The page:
Olaudah Equiano's Autobiography Analysis

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Many images in Equiano’s autobiography are disturbing such the separation of the writer and his sister, and the crew members whipping other members. However, the image of hundreds of slaves in the ship's cargo hold is the most disturbing in the account. Equiano stated, “The closeness of the place and the heat of the climate, added to the number in the ship, which was so crowded that each had scarcely room to turn himself, almost suffocated us” (Equiano 3). Hundreds of African men and women were fettered together in the hot cargo hold, were barely fed, and only had buckets to defecate in which were not regularly emptied. These conditions led to disease, illness and often death; horrendous conditions like these are cruel and inhumane.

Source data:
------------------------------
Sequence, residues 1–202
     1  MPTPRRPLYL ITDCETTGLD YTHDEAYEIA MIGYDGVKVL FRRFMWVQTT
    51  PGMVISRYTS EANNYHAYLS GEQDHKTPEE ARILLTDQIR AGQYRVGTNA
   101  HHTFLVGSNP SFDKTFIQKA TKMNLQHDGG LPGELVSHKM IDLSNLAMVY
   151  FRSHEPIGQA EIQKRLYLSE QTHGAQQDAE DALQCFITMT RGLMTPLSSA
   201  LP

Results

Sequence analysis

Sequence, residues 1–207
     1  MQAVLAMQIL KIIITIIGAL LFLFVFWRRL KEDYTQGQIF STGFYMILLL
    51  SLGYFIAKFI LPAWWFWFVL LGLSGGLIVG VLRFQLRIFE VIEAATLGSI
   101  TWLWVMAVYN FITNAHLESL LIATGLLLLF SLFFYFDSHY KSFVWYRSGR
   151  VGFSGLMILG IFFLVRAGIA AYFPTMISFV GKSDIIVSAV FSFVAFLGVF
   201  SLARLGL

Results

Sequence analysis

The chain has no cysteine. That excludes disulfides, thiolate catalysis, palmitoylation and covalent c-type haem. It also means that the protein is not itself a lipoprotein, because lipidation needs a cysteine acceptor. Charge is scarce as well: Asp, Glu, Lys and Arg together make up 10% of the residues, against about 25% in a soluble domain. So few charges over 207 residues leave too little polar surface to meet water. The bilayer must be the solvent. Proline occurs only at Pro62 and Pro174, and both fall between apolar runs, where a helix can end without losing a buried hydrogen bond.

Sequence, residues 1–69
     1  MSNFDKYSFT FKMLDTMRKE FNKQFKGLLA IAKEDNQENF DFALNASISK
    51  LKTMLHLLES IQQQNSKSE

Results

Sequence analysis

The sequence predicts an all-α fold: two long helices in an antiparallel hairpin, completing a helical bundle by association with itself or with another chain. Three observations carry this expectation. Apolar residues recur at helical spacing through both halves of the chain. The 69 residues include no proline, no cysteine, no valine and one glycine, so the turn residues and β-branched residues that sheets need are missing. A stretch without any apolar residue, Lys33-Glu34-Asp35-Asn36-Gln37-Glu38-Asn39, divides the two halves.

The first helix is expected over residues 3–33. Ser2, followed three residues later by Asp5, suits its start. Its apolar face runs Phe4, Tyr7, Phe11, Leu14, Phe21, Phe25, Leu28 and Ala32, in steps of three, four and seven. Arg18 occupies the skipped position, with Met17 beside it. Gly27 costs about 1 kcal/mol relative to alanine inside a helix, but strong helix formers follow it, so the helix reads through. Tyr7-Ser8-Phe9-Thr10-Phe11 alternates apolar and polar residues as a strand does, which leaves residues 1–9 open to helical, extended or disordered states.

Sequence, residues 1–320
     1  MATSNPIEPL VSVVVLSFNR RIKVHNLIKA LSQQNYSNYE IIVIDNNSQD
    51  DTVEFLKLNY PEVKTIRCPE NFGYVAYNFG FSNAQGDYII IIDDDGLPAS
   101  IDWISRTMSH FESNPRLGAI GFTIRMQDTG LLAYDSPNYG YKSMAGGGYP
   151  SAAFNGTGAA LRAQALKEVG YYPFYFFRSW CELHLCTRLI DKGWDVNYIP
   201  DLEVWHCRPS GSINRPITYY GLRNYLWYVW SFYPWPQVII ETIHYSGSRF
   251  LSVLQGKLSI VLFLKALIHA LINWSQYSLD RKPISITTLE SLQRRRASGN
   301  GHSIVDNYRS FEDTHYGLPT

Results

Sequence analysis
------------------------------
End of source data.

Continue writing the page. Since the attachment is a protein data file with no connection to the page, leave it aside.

Equiano includes the flogging of a white crew member to highlight the fact that the white men are savages; the slaves witnessed the whites cruelly
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Olaudah states “...that the air soon became unfit for respiration from a variety of loathsome smells, and brought on a sickness among the slaves, of which many died, thus falling victims to the improvident avarice,” many slaves became sick and died, thus were unable to be sold (Equiano 3). This waste was reconciled when an insurance for expired slaves came about, and was later exploited by intentionally killing slaves. Until slaves were insured, the maltreatment of cargo was a contradiction to their ultimate goal.
People were treated as belongings or lesser beings and were traded for money. The slaves are not considered human in this time, but as animals “...we were all pent up together like so many sheep in a fold…” (Equiano 4). These conditions and brutishness can be compared to today’s sex trade. Young men and women are sold illegally to be used and mistreated until death, though slavery in this time was
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